State testing is a long debated topic when it comes to education in Mississippi—with parents taking to the schools and social media to report the immense amount of stress that their kids are under.
Legislators such as Rep. Tom Miles have proposed legislation to end state testing and use the ACT as a benchmark instead… and while a score of 17 on the ACT is a requirement for graduation if one doesn’t pass their state test, it is still another test added to the already long list of standardized testing that students must face.
Y’all Politics reporter Jay Hughes recently discussed the use of the ACT as a benchmark for graduation. MDE spokesperson Pete Smith outlined the federal requirements of state testing that insures $500 million to $800 million in federal dollars for the state each year.
The federal requirements in question are those of the “Every Student Succeeds Act,” or ESSA. The ESSA is a replacement of “No Child Left Behind” that was signed by former President Barack Obama in 2015. It took effect in the 2017-2018 school year.
The ESSA kept state testing but moved accountability to the states. The states submit an accountability plan to the Education Department and local educational agencies can apply for grants and other financial assistance.
Along with elementary and middle school testing for math and English, Smith said, and “end of course assessments” for Algebra 1, Biology 1 and English 2 in high school is required by the feds. Additionally, the MDE requires a U.S. History test as well.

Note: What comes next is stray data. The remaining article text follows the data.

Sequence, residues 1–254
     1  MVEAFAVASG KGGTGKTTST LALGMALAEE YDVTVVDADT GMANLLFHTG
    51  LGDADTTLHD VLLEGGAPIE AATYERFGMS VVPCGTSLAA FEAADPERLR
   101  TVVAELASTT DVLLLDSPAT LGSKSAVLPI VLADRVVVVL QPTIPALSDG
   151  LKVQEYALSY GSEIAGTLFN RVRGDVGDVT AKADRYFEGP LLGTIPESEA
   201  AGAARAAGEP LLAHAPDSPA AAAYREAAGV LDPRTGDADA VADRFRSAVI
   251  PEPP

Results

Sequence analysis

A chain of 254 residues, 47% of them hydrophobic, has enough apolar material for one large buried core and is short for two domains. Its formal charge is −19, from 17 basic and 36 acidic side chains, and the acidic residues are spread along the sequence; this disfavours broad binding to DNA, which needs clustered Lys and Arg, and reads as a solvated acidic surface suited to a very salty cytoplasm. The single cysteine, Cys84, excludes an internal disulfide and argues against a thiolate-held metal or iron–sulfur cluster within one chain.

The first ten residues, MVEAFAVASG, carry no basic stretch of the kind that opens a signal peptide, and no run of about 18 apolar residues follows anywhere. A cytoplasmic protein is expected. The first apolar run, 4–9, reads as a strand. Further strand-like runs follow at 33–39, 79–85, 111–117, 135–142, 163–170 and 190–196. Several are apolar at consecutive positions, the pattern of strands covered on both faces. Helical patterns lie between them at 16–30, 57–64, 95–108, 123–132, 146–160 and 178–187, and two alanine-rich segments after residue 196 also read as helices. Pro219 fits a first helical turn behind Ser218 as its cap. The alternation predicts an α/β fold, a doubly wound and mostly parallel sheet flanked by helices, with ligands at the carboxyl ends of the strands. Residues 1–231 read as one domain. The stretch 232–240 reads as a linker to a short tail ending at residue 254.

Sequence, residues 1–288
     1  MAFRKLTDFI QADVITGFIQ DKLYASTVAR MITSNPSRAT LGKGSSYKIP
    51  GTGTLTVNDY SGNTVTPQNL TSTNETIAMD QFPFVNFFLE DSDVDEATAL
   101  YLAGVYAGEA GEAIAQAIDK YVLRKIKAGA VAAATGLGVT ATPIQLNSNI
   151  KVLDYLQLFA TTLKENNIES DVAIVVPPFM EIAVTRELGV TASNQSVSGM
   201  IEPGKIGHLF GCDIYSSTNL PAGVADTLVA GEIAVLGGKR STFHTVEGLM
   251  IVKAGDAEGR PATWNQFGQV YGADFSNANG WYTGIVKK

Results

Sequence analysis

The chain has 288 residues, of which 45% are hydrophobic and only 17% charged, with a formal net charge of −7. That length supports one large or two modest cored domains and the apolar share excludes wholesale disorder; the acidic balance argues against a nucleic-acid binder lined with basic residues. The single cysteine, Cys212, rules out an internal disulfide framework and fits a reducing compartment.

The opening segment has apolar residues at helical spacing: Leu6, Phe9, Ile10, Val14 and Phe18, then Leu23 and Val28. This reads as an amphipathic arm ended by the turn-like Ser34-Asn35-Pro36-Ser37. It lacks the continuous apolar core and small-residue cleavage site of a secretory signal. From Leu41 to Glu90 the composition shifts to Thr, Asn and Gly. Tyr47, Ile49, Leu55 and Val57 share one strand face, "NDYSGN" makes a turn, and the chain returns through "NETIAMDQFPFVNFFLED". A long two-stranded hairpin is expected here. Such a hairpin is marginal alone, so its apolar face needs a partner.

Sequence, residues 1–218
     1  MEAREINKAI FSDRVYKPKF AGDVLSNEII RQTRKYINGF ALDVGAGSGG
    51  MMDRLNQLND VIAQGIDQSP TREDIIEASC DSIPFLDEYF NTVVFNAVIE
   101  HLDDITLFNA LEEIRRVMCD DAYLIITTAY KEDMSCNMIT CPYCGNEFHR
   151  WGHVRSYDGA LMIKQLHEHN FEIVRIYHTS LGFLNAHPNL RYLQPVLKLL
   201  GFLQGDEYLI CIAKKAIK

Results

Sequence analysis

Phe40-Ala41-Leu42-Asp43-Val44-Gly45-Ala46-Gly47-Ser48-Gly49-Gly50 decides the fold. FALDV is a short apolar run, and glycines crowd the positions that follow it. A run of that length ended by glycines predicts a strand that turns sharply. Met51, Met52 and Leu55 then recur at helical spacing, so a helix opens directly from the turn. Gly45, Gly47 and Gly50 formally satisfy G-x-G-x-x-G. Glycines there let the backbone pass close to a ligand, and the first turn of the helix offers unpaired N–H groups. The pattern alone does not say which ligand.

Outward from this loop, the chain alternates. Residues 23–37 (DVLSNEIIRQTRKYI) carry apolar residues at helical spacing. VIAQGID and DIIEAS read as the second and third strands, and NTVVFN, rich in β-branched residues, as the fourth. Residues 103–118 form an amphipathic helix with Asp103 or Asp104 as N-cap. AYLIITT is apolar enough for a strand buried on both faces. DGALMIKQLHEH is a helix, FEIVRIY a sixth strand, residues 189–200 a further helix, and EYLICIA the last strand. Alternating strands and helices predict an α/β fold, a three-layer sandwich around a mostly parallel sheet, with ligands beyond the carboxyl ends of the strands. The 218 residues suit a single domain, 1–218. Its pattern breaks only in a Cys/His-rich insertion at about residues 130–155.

It has been pitched that the ACT could be used as a benchmark for graduation, but Smith added that the federal government views the ACT as more “broad” knowledge as opposed to subject area testing.
However, other states are using the ACT testing their high schoolers for graduation. In order to show that the state is aligning with federal standards, the state must submit the assessments to an expert panel for peer review. The assessments must be aligned to the state standards. In Mississippi’s case, Questar Assessment was under review.
States can choose to administer a “nationally recognized high school academic assessment” such as the ACT either statewide or within interested districts, under ESSA (20 U.S.C. § 1111(b)(2)(H)).
In the latest Condition of College and Career Readiness report by ACT, the company noticed a trend regarding the 16 states that have incorporated the ACT in its statewide benchmark testing.
“States that incorporate ACT college and career readiness solutions as part of their statewide assessments provide greater access to higher education and increase the likelihood of student success in postsecondary education,” the report stated. “Educators also have the ability to establish a longitudinal plan using ACT assessments, which provide high schools, districts, and states with unique student-level data that can be used for effective student intervention plans.”
Not only is the ACT as benchmark testing possible, it just makes sense.
When high school students start researching their college options (which often begins freshman or sophomore year with the help of teachers), they are told one thing: take your ACT early and take it often, because a higher score equals scholarships.
If the ACT were the benchmark, it has dual value beyond graduation day, unlike the rigorous state testing students and teachers are bombarded with each year.
No colleges are asking about a Mississippi student’s state test scores…not even the colleges in Mississippi. If a student is continuously failing the state tests, they can take the ACT and make a 17 as a graduation requirement instead.
So, it is possible. In fact, we’re doing it now, but only for students who don’t pass all the other tests. If other states are using the ACT, why not Mississippi?